In this article, we’ll explore 15 homeschooling hacks to help you get started on the right foot and set the stage for a successful learning experience.
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homeschooling is on the rise!
According to the National Home Education Research Institute, approximately 3.135 million school-age (K-12) were homeschooled in the United States during the 2021-2022 school year. These numbers are nearly double what they were prior to the pandemic. Since the pandemic, there has been an even greater surge in Black homeschoolers.
The 2021 Census found that the number of black homeschoolers increased nearly fivefold between the spring and fall of 2020, from 3.3 percent to 16.1 percent. This black homeschooling rate is slightly higher than the approximately 15 percent of black students in the overall K-12 public school population.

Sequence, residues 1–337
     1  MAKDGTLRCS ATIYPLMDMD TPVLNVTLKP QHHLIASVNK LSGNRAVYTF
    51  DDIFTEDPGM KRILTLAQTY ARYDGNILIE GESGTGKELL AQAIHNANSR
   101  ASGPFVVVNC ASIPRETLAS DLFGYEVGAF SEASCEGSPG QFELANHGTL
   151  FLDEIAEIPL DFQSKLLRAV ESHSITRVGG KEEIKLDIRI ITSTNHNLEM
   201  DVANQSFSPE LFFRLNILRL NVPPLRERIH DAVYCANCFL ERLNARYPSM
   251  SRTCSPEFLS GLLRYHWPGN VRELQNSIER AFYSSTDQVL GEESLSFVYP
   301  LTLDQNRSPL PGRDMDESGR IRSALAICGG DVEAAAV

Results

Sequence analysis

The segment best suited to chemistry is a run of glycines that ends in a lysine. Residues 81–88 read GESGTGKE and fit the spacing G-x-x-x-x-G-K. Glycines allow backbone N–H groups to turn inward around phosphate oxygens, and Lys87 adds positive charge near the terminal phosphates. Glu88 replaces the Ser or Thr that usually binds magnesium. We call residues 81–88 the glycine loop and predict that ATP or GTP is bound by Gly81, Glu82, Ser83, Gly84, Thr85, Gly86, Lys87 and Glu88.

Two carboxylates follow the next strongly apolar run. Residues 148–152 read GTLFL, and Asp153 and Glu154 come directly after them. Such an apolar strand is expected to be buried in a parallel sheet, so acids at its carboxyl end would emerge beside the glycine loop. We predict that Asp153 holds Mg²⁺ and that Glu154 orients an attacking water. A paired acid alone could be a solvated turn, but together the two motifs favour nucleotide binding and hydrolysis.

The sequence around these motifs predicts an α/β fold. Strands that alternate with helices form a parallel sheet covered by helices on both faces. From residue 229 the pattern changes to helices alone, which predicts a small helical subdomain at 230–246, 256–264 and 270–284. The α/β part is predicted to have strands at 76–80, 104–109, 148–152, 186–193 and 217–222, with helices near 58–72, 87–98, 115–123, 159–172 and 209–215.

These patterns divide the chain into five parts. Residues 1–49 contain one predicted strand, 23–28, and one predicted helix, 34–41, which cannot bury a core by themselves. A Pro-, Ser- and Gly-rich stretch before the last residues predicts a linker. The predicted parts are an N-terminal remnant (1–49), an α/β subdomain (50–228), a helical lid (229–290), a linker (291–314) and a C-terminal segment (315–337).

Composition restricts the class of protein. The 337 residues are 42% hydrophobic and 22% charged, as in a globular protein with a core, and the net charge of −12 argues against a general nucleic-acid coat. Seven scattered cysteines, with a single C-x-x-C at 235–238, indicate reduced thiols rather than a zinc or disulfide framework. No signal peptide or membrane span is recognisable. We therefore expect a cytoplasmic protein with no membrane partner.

There are so many reasons why more and more of us are ditching the traditional school model and homeschooling instead. I chose to homeschool because my older son has learning needs I did not feel his school was equipped to fully address. So I took the plunge and here we are.
So how do you Begin Homeschooling?
1. Register for Homeschool
That’s right. You can’t just up and decide to homeschool without approval from your school district. Check out your state’s laws regarding homeschooling, and submit the necessary paperwork to make it official. This includes returning homeschoolers. Every year, returning homeschoolers must re-register with their local school district.
Don’t expect your school district to love the decision, either. From my understanding, if your child was previously enrolled in public school, they’ll lose some funding with your decision. In some instances, you may have a bit of a fight on your hands, but it’s usually rectified with a solid homeschool curriculum you can share with the district. If you’ve never written a curriculum it can seem stressful, but please don’t worry. You can get the whole curriculum dilemma squared away with my next tip.